Bad policies can take decades to heal
More than 2,000 children have been separated from their parents in recent weeks and placed in government-contracted shelters — hundreds of miles away, in some cases — under a “zero tolerance” policy toward families entering the U.S. Many are from drug – and violence – wracked Guatemala, Honduras and El Salvador. After public outcry, President Trump issued an executive order halting his own administration’s policy.
A federal judge has ordered the thousands of refugee children and parents who were forcibly separated be reunited within 30 days, sooner for youngsters under 5. The task ahead could be monumental as there seems to be no policy in place as to how to reunite parents with children. Health and Human Services Secretary Alex Azar told Congress this week that his department still has custody of 2,047 children — only six fewer than last week.
Since Trump issued the executive order, the administration has elected to establish detention space in tent cities and military bases for holding refuge families. Further, this administration has asked the courts to modify a 1997 settlement agreement that generally bars the government from keeping children locked up with their parents for more that 20 days. This means families could be detained indefinitely.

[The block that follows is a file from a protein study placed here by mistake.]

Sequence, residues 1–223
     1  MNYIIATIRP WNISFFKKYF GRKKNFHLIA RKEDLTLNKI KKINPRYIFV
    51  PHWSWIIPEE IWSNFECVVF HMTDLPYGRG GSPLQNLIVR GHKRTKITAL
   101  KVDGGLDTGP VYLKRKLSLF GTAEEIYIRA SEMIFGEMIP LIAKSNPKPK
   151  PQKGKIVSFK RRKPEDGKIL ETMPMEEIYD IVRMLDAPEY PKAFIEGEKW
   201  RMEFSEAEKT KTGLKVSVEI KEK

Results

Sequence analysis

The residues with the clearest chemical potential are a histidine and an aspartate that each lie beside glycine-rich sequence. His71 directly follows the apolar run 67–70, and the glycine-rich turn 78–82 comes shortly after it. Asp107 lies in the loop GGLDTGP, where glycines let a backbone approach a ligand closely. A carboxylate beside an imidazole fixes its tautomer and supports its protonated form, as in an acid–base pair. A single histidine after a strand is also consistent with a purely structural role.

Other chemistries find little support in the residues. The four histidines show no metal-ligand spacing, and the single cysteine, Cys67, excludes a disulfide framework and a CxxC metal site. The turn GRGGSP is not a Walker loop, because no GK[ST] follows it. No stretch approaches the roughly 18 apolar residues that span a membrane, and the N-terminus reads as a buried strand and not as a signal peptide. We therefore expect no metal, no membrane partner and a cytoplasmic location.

We wish we could say this is not who we are. Unfortunately, this is not the first time the U.S. government has removed children from their parents(Native Americans, and enslaved peoples). Nor is it the first time we have had internment camps. Nor is it the first time the U.S. has turned away refugees in their plight to save lives.
History has shown us that bad policies can take decades, even centuries, to heal. The trauma inflicted on these children will have life-long consequences — not only on the families affected but on the U.S. as a whole. Separating families and or detaining families in internment camps is not only inhumane, it threatens our national security.
Please, if you are concerned about these children and families, call your Representatives and Senators. It is easy — call (202) 224-3121. All you need is your zip code and you will be linked to your Congress person.
Bruce A. Hanson